"420" Has the Kind of Origin Story You'd Expect for a Holiday About Weed
Why do they call it "420"? It has turned April 20 into something like a national holiday for all of us to smoke weed together. Here's how it began.
Another year, another 4/20 where weed smokers set their favorite plant ablaze and get high for as long as they can. The unofficial holiday has been around for years, and people have been known to go all out for it. Trying to inconspicuously get the day off work, getting all their friends together, and making sure they have enough food to last them through an apocalypse are all commonplace.
But it all had to start somewhere, right? So, how did the big day begin, and why do they even call it 420?
Why is 4/20 "Weed Day"? Here's why they call it "420."
According to the Los Angeles Times, the whole thing started with some teenagers in the '70s. In 1971, a group of five students consisting of Steve Capper, Dave Reddix, Jeffrey Noel, Larry Schwartz, and Mark Gravitch attended San Rafael High School in San Rafael, Calif. They wanted something interesting to do that wasn't the typical football game or party on a school night. Instead, they went on adventures in the Bay Area and beyond, which they called "safaris."
One day, the group was told there was weed growing somewhere in Marin County that they could pick. "[A friend] said his brother-in-law was in the Coast Guard and had planted a patch of weed out on the Point Reyes Peninsula, but believed his C.O. was onto him, and he didn’t want to get busted," Steve said in a 2002 interview with the Los Angeles Times.
"So he had offered it to our friend, who was offering it to us."
To go on this weed hunt together, the group decided to get together that same day at 4:20 p.m. to look for it while they smoked. Unfortunately, they never found it. But the time they chose stuck. They ended up meeting around the same time each day to get high together. At their school, they ended up using 420 as a code for when they wanted to smoke.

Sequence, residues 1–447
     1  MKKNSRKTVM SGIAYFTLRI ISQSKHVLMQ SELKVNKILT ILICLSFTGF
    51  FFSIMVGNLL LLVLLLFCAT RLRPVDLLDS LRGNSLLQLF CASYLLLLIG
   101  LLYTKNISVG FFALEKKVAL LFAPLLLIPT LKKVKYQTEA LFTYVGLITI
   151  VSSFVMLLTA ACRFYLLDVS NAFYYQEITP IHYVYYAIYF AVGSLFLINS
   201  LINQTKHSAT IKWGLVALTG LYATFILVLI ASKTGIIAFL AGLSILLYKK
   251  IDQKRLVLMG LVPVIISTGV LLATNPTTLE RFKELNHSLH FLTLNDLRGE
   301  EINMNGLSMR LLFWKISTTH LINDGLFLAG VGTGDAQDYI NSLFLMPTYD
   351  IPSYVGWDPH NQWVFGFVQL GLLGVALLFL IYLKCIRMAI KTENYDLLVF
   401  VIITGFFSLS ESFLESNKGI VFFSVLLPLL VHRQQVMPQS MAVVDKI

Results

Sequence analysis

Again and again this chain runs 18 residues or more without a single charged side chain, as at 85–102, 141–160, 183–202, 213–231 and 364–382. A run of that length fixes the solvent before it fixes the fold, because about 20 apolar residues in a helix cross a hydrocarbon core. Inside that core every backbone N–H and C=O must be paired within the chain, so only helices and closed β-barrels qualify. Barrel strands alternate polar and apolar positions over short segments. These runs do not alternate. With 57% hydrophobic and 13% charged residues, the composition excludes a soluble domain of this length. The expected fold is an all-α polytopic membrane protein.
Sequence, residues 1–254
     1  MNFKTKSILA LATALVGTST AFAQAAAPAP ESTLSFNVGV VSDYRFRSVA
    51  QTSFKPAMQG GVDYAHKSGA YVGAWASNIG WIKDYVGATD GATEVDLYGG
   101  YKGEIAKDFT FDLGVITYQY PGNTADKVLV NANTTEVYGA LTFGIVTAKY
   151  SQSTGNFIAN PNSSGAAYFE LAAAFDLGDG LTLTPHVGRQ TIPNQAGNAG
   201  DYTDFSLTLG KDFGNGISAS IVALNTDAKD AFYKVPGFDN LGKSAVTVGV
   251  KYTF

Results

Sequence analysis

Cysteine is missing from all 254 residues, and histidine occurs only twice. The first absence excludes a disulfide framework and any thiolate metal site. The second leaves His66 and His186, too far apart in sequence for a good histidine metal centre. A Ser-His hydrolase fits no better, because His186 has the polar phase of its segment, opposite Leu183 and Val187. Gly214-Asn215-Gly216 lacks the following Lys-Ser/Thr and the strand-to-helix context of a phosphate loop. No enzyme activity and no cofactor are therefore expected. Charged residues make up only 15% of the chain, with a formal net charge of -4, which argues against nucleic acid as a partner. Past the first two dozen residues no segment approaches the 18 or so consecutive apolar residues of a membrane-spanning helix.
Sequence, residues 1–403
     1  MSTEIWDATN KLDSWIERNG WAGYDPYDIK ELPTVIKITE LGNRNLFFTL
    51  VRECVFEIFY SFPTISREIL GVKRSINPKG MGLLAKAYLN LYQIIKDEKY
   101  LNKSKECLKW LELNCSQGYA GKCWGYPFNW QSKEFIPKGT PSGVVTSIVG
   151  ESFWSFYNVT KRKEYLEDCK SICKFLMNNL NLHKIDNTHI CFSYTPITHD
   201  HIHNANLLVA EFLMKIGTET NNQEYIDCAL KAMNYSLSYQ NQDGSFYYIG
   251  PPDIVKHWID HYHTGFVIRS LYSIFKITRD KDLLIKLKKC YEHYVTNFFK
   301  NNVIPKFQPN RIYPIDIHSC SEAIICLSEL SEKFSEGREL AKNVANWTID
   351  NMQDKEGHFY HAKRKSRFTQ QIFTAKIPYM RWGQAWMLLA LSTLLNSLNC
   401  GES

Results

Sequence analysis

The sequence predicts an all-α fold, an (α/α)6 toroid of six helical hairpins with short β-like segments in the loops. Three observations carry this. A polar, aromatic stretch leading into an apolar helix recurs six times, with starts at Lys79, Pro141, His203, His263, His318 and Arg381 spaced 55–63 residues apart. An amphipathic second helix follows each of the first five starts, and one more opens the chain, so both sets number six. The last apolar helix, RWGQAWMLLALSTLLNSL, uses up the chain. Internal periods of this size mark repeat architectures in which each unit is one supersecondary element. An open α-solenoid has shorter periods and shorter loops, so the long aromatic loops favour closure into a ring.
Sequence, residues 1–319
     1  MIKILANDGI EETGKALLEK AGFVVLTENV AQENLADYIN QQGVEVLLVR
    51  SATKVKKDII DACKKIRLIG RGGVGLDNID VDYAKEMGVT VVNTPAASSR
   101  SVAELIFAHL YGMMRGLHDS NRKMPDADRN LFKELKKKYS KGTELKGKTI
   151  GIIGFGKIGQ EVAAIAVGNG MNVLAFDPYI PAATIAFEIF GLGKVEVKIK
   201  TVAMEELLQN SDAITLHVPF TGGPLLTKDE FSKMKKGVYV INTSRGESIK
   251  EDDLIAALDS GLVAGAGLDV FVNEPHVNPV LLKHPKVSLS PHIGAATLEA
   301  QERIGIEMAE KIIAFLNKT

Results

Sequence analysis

Even after the group went off to different colleges, the 420 code continued. "We have postmarked letters we wrote to each other from the early ‘70s with all kinds of references to '420,'" Steve said. But eventually, the meaning behind 420 got out, and teenagers at the time who lived in Marin County had picked it up and started using it.
In a 2022 interview with the Los Angeles Times, Dave said that 420 eventually found its way to Grateful Dead fans. His brother was friends with the band's bassist Phil Lesh.
Eventually, Phil asked Dave's brother if he wanted to manage a few of his bands. Dave was also hired on as a roadie, and the group continued to use 420 while they were backstage. The more people used it, the more popular it got with Grateful Dead fans and, ultimately, the rest of us.
"By the mid-1990s, we started seeing it all over," Steve said in 2002. "We couldn’t believe it. It was on hats, T-shirts, record labels, cleaning solutions, all over the Internet."